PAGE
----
The length of this one may put readers off but the slow burn is worth it


Untouchable by Ruthie Luhnow & Kay Simone

My rating: 4 of 5 stars

It’s a 4* for me simply because of the length, I felt the same situation arose over and over (the internal monologuing and second guessing of the other person’s thoughts and feelings just got a bit wearing for me personally).

But, that aside, the rest of this book is a beautifully written exploration of how two completely different and disparate people can actually turn out to be perfect for each other and just “understand” how the other one ticks and know how to comfort and support them.

Both Kay Simone and Ruthie Luhnow have written books I’ve previously 5*ed and thoroughly enjoyed and I thought this collaboration between the two of them highlighted and showcased each of their great writing skills for both a sense of place and in the beautiful language used.

It’s written in first person present, which can be a little difficult to get your head around and is one of the reasons for me that the first quarter of the book just felt like it was going on forever with very little happening.

However, once Harp and Parker actually admit to their blossoming feelings, the pace kicks up a gear and we start to see some real character development as Harp gets over his insular nature and Parker begins to stand up for himself and not feel quite so unworthy. Both men have suffered from the slings and arrows of life so it’s joyful to see them start to open up to each other.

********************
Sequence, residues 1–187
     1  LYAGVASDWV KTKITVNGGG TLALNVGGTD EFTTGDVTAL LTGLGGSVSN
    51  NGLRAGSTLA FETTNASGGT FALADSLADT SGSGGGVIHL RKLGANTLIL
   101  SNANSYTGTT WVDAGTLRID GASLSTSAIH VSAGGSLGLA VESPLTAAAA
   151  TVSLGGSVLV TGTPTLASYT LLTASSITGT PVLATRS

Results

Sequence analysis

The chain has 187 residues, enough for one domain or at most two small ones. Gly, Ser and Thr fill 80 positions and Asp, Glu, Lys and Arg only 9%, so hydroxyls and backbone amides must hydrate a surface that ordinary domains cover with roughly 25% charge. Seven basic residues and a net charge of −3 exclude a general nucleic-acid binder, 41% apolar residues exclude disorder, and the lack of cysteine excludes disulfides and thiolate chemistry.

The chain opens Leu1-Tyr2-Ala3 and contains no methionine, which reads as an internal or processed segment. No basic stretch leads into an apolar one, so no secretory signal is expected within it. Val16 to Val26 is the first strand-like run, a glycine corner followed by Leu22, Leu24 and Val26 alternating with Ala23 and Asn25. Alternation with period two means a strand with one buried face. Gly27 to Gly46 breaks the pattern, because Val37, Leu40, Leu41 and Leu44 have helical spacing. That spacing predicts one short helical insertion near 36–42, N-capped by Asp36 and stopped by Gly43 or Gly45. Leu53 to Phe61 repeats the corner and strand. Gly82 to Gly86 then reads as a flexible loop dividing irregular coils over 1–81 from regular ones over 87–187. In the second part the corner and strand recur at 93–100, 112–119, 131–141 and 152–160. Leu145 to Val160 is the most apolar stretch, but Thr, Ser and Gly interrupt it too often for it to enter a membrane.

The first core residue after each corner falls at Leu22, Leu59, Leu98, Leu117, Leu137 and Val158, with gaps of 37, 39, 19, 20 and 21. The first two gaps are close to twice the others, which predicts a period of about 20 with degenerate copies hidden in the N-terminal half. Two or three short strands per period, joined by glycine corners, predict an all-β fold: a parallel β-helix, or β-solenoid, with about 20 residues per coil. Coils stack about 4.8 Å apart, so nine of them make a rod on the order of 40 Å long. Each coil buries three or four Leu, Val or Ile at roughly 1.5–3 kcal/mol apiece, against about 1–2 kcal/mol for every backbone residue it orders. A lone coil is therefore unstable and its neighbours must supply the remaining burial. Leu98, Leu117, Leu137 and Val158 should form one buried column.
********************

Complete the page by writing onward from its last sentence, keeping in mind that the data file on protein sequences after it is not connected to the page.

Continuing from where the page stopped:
There are hurdles along the way though, and this means there’s a lot of angsty and only a little steam – which actually makes sense given the unique natures of each individual man.

I love a good May to December and Harp is almost two decades older than Parker (who is 26), which again leads to a whole other level of anxiety and insecurities and what I liked about this story is that the relationship didn’t all of a sudden remove all those characteristics.

Both men remained anxious at times, insecure at times, fearful and with all their hang ups, but they also grow and adapt, learn to be flexible and rely on the other.

I think this will appeal to readers who enjoy a slow burn, it is glacial at times, but because of the quality of the writing, it’s something you (generic) can live with as it marches on to what’s a bit of a swoony epilogue.